The New Zealand Herald has recently put the spotlight on a major issue affecting houses all over the country, P Labs. Homeowners are forking out millions of dollars to decontaminate P-riddled properties in a crisis that could rival the leaky homes disaster.
In the worst cases, contaminated houses are destroyed. An industry specialist says 40 per cent of homes he tests contain traces of methamphetamine, known as P.
Housing NZ spends about $12 million to $13 million a year on remedial work. Five of its properties were demolished in the 2015 financial year because they were damaged beyond repair. But the problem isn’t confined to poorer areas and has seeped into even the most exclusive streets. A property on the market in a high-end suburb of Auckland was contaminated during a chemical explosion from a suspected P lab in the garage in 2005.
Home Owners and Buyers Association president John Gray said he knew of six homes that cost about $250,000 to decontaminate. Invariably the clean-up ranges from $1000 to a few hundred thousand, with hefty replacement costs for furnishings, curtains and wall coverings too.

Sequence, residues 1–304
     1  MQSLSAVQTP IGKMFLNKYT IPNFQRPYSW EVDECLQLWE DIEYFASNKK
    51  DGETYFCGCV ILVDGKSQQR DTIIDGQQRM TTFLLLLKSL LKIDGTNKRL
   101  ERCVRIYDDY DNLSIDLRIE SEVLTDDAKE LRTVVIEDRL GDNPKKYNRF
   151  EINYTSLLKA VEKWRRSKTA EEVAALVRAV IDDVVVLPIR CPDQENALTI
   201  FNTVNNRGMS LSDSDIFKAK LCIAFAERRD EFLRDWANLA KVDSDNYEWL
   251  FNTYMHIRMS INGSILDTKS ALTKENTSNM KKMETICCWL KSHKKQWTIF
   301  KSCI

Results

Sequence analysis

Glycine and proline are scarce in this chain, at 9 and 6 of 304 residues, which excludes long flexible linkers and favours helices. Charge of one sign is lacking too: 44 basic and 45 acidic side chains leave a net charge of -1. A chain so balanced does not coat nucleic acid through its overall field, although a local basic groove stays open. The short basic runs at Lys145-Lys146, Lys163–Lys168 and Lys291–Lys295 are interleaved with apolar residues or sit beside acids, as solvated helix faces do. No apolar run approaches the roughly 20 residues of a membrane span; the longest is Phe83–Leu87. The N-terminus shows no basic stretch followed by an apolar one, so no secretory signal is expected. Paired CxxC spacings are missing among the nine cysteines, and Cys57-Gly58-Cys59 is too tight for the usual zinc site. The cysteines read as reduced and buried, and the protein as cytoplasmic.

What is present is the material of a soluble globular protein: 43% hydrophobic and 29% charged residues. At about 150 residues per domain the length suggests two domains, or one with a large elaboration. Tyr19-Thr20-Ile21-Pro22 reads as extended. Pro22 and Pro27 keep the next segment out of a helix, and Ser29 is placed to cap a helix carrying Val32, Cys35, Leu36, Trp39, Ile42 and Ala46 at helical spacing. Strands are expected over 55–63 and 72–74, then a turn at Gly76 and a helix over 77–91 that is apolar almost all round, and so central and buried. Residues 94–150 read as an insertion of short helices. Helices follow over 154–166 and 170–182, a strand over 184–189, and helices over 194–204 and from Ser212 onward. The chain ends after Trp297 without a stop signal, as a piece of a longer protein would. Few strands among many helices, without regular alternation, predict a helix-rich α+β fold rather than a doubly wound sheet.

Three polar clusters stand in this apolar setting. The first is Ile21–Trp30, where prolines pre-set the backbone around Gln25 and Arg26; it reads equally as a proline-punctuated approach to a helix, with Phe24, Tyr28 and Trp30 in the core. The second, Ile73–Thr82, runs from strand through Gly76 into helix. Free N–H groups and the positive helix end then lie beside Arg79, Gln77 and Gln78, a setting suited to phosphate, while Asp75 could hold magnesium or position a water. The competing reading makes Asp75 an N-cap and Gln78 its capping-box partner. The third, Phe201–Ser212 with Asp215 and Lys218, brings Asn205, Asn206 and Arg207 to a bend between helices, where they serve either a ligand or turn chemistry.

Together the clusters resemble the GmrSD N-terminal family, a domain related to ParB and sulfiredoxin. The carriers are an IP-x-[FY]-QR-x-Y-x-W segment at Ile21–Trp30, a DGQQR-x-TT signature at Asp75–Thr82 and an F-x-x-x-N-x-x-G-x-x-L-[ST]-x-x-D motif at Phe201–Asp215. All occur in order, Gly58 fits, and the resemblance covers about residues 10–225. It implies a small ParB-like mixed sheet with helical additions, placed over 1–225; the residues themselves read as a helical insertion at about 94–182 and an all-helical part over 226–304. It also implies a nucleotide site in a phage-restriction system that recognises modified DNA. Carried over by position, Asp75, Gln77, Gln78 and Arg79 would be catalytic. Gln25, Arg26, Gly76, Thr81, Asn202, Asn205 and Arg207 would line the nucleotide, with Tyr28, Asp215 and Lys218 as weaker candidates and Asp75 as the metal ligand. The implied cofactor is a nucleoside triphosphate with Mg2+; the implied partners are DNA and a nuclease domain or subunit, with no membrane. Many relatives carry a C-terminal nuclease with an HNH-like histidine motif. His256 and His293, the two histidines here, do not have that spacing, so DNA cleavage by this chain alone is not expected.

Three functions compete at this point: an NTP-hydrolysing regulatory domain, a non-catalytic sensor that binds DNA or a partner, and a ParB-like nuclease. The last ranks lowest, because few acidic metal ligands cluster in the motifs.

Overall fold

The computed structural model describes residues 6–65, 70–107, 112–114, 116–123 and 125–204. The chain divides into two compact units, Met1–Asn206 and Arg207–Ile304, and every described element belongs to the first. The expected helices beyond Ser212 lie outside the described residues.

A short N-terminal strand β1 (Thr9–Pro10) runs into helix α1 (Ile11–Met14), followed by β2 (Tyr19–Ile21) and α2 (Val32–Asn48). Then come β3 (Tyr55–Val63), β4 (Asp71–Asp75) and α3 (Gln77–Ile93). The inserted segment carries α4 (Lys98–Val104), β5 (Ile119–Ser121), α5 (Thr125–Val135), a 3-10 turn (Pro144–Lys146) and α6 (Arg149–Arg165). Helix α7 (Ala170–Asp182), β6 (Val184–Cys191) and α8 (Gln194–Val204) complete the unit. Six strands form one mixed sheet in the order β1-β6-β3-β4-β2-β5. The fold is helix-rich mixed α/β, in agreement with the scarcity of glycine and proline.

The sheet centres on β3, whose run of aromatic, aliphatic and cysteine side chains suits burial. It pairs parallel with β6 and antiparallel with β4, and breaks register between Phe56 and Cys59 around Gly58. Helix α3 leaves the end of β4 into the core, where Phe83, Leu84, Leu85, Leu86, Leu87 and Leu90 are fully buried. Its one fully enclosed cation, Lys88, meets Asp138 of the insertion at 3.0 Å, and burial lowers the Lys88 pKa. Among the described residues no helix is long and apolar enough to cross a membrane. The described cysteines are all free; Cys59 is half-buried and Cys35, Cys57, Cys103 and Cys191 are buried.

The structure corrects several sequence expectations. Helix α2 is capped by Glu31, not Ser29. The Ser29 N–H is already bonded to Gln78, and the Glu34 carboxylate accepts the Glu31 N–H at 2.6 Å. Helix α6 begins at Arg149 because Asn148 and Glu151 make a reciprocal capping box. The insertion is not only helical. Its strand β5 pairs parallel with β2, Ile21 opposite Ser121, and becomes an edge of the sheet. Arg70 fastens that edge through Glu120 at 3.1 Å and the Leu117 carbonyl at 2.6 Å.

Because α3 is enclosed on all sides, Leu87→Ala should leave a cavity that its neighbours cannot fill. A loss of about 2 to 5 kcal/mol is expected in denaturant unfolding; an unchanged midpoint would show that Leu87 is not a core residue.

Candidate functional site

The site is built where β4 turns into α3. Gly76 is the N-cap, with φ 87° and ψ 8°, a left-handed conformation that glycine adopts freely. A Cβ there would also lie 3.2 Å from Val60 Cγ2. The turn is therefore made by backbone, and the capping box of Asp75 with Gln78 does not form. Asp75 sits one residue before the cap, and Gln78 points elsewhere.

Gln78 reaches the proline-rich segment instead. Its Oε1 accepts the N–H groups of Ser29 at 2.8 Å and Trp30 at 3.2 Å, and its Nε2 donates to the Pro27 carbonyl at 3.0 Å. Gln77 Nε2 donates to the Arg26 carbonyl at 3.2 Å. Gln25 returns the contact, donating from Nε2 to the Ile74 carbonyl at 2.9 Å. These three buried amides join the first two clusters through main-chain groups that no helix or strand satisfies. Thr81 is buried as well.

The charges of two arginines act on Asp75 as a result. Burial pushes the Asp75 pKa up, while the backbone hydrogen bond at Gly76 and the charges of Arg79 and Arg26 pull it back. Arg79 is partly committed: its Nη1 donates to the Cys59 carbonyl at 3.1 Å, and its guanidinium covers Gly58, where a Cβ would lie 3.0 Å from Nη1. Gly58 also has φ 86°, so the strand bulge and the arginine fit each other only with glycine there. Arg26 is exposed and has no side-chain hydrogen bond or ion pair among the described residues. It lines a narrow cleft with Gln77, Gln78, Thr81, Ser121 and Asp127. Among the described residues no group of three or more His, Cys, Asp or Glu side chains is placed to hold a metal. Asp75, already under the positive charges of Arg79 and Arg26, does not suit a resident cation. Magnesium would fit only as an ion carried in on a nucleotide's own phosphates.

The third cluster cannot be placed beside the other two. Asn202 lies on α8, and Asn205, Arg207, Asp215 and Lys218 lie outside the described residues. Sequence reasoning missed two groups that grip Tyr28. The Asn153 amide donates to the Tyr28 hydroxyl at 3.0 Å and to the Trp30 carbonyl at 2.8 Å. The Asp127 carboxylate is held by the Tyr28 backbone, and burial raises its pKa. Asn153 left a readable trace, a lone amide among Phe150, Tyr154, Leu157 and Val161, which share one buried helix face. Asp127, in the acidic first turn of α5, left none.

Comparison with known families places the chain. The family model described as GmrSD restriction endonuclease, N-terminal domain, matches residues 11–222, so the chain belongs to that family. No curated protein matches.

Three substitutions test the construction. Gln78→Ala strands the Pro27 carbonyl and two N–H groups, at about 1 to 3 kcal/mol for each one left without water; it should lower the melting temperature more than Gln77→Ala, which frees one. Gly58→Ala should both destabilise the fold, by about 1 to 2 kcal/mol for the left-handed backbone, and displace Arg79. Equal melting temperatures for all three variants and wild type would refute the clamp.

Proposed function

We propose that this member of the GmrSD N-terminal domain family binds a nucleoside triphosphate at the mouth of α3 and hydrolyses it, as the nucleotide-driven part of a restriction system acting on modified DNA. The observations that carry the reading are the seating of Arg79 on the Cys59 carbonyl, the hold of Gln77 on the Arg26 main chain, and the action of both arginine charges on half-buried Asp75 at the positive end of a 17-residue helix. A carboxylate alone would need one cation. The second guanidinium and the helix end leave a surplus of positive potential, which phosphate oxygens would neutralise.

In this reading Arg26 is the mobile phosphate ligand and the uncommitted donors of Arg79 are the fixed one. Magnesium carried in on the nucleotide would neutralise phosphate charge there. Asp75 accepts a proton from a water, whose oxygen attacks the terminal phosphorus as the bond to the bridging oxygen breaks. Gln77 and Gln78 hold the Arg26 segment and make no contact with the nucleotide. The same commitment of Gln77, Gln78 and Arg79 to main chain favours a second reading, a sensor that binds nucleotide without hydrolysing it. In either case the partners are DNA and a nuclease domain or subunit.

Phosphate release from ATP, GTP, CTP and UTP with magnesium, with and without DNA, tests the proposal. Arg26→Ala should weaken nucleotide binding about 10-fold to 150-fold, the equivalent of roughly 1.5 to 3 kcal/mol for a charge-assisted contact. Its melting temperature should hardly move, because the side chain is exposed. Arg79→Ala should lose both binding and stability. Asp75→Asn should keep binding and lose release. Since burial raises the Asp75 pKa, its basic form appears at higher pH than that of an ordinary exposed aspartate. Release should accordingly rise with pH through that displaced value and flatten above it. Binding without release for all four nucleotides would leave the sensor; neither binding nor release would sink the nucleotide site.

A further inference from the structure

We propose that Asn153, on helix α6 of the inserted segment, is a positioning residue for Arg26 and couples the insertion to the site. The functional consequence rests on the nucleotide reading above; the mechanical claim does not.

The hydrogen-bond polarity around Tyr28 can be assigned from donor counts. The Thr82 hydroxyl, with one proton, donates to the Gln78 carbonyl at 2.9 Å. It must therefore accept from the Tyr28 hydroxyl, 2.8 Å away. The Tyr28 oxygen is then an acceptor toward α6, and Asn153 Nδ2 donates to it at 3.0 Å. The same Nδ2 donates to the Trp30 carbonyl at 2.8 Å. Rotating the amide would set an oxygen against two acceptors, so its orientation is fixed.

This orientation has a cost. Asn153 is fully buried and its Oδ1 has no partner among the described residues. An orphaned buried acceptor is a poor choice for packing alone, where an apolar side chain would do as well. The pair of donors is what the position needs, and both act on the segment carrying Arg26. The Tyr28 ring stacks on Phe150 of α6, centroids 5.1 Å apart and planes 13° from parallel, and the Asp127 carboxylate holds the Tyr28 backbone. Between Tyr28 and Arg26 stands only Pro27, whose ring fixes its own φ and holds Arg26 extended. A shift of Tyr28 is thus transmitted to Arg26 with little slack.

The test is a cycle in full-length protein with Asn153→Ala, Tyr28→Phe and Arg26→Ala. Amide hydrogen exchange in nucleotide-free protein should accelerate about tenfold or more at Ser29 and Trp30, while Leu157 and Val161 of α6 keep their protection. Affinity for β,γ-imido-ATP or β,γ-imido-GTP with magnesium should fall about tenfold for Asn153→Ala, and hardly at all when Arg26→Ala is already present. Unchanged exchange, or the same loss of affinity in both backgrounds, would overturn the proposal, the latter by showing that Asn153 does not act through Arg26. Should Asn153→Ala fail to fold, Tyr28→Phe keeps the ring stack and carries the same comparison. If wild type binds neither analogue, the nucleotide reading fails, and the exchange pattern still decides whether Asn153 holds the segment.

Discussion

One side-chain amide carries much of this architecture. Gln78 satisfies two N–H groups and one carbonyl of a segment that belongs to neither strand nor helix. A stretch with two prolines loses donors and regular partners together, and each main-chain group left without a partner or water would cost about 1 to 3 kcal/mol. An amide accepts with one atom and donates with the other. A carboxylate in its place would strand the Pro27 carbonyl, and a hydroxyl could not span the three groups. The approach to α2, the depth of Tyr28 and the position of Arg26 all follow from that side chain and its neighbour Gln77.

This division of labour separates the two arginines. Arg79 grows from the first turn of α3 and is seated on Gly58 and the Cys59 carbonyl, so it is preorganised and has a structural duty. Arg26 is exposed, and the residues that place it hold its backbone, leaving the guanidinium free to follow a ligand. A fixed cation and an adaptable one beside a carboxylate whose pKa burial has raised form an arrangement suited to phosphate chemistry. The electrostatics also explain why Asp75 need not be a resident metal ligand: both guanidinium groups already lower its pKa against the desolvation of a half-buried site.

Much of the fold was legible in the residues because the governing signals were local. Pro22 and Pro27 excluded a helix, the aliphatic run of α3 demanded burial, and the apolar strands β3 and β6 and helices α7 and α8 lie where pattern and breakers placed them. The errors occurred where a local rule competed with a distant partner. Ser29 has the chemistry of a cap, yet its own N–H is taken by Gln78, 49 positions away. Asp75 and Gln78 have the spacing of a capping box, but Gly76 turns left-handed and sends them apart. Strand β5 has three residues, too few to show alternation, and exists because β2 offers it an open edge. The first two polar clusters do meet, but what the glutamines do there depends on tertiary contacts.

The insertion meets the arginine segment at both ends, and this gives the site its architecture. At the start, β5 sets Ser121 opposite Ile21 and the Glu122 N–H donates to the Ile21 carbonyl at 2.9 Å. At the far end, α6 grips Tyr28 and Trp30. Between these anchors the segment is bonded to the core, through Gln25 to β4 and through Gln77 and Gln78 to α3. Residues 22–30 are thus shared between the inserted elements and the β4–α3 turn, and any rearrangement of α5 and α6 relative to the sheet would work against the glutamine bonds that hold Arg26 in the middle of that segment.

From a risk management perspective, as a landlord you should have a systematic process for performing regular checks and meth testing at your property – before, during and after a tenant vacates. The cost of a contamination event at your property could be substantial, however if effective inspections and processes are put in place then this risk can be mitigated. Swab test kits can be purchased online and they provide an indication of contamination. A full laboratory evidential test is required to confirm the exact level of contamination.
On the insurance front – not all insurance policies are equal. It is therefore critical that you check the cover you have in place, specifically relating to P Lab cover. Most insurers do not offer P Lab insurance cover as part of their offer. We are pleased to advise that over the years the Initio has successfully responded to a number of P Lab contamination claims. We are seeing an increase in incidence of these types of losses, and no two P-lab claims are the same and each claim turns on its own set of facts. When receiving a P-Lab claim we take account of the landlords approach to property inspections which at a minimum should be every 6 months (refer policy wording).
A timely reminder that regardless of who your rental property insurer is, you should make sure you have a good risk management in place.
For the full article check out the link: http://www.nzherald.co.nz/nz/news/article.cfm?c_id=1&objectid=11606806